Mochtar Riady’s Lippo Group every year maintains many thousands of jobs at his sprawling businesses throughout the country in the fields of property, retail, investment, healthcare, technology, financial services and many more.

Indonesia in 2017 had a workforce of more than 131 million in different sectors, with more than 50% engaged in agriculture. Another 17 million work in the industrial sector and 5.6 million in the plantation sector, where palm oil still dominates. GlobeAsia estimates that at least 2-3 million people work for Indonesia’s conglomerates.


Indonesia’s business landscape is also colored by the emergence of the tech business. Learning from the US and Japan, newbies in technology are emerging on the rich lists in their respective countries.

There has been a big shift of investment in technology throughout Asian countries in the last decade, partially reducing the dominance of Silicon Valley. Zhou Qunfei’s Lens Technology, Masayosi Son’s Softbank, Jack Ma’s e-commerce giant Alibaba, Xiaomi’s Lei Jun and Liu Qiangdong’s e-commerce operation JD have all established new empires that can compete with the West’s giants.

In Indonesia, Nadiem Makarim and Michaelangelo Moran of Go-Jek, venture capitalist William Tanuwidjaja, Leontinus Alfa Edison of Tokopedia, Derianto Kusuma and Ferry Unardi of Traveloka and Achmad Zaki and Nugroho Herucahyono of Bukalapak are emerging names in the sector.

The new names that began as startups and have now developed weight and emerged as unicorns provide a diversity of services. While Silicon Valley’s supremacy in information technology will create a great challenge for Indonesia to do well in the software business, the doors are wide open in other areas.

Success for Indonesia’s startups has come as marketplaces, e-commerce operators and solution applications. In the past five years a number of startups have become popular with the public due to their inventiveness and smart business strategies.

Can Indonesia’s tech businessmen become new billionaires? The answer can be yes or no. A former technician at Go-Jek says he believes the opportunity for the founders to become billionaires depends on many factors. Most important, investment in startups mostly involves dilution of shares. A, B and C series investment from venture capitalists is normally in exchange for greater share ownership. The source, who requested anonymity, says its believed Nadiem Makarim and his partners now control less than 10% of company shares.




Performance across the range of sectors has been mixed. There has been a slowdown in consumption growth and changes in spending patterns have impacted the share price of companies in the consumer goods sector. Indofood, for example, has seen its share price fall from Rp8,745 on May 8 last year to Rp6,200 a year later, roughly a 25% fall.

The good news for tycoons with significant assets in financial services is that the sector posted profit growth of 30% in 2017. This trend has certainly sent the wealth of magnates such as siblings Robert and Michael Hartono soaring.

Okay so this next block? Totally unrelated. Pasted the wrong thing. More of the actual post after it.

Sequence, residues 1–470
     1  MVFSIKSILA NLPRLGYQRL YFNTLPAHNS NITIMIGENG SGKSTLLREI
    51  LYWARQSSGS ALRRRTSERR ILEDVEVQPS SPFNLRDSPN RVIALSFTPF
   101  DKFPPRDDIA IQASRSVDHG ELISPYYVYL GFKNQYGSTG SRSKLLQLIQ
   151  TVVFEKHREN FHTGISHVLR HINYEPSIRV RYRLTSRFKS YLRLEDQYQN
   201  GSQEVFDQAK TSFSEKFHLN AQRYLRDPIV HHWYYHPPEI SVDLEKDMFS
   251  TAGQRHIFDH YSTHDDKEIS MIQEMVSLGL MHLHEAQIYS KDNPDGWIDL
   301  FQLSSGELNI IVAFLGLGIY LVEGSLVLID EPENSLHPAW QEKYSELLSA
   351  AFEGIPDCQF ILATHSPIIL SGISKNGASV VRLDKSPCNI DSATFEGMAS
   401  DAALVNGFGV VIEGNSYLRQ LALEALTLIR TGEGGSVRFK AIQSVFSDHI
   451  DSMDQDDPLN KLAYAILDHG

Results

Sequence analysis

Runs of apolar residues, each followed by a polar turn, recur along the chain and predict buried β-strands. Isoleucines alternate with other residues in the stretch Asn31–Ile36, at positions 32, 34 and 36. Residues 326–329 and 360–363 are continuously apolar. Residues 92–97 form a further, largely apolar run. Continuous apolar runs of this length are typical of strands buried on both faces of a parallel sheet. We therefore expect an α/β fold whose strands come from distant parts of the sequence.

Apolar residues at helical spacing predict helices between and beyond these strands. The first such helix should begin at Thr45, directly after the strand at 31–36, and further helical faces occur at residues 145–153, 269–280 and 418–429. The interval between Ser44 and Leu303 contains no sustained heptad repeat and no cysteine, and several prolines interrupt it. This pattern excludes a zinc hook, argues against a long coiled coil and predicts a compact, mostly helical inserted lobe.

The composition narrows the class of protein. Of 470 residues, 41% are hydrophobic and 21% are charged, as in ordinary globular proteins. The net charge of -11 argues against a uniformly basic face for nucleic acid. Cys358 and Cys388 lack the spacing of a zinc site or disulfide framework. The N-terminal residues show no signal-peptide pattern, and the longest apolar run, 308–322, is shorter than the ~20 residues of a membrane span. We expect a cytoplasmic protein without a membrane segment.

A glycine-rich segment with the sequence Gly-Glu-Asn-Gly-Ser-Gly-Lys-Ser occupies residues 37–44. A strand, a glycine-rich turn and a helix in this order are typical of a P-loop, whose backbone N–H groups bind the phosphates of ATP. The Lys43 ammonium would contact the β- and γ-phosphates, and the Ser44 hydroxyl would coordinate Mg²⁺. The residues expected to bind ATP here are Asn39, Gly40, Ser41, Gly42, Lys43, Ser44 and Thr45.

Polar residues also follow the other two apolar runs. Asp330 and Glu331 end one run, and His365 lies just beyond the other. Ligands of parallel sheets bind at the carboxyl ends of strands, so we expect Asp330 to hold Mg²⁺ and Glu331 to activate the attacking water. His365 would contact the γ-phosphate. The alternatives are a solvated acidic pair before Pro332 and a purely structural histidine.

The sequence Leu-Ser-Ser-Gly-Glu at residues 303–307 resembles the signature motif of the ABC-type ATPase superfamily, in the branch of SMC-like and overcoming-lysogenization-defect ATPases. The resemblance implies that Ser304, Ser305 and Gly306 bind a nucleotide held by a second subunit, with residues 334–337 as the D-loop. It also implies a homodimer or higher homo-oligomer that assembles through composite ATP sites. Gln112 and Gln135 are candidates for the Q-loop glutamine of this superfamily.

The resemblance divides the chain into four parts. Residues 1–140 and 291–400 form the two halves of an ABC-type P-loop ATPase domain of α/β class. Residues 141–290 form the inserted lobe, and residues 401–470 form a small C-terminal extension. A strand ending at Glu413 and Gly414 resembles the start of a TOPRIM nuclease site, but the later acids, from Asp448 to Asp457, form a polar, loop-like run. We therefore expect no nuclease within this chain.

Their shares in Bank BCA moved from Rp18,000 ($1.3o) last year to Rp23,000 ($1.90) now. Two other magnates, Eka Tjipta Widjaja and Chairul Tanjung, have seen more modest increases in the share prices of their banking interests.

In the case of Eka Tjipta, pulp and paper has been the outstanding business in the last year, with share prices multiplying. Shares in Sinar Mas Group’s subsidiary Tjiwi Kimia was trading last year at Rp1,360 but now is worth Rp10,500. Another subsidiary, Indah Kiat Pulp and Paper, has moved from Rp14,200 a share at May 15 from only Rp2,300 last year.


After years of tax evasion in the past, many Indonesian businessmen voluntarily joined the national tax amnesty program last year. Some admit that this is like being reborn, allowing them to feel they have become good citizens who adopt more ethical standards and practices and comply with regulations.

Jewelry businessman Stefanus Lo says that while the richest families are keen to adopt best practices in business, they also want to see other parties – government regulators, the Ministry of Finance, the police and others - work professionally and accountably. Most importantly, civil servants also must answer the call to serve their country as well as their personal interests. Decent salaries and compensation will mean there will be no more need for secret negotiation in darkened rooms. And, he adds, bureaucratic reforms also need to be implemented correctly, with clear targets.

It is undeniable that most of Indonesia’s major tycoons succeeded in business partly as a result of establishing good relations with politicians. They also needed a talent for real innovation and strong entrepreneurial skills.

Anthoni Salim inherited the Salim Group empire from his late father Liem Sioe Liong, known for his strong ties with Indonesia’s Army and especially with the late President Suharto. Aburizal Bakrie’s family fortune was developed by his father the late Ahmad Bakrie, and both nurtured the business with strong backup from the New Order regime’s support for indigenous business.

Stefanus Lo points out that all of today’s business empires started from small beginnings. Strong ties to government allowed them to grow faster and bigger. But they also needed talent, and nerve to ride the wild tiger of business fortune to reach their present greatness.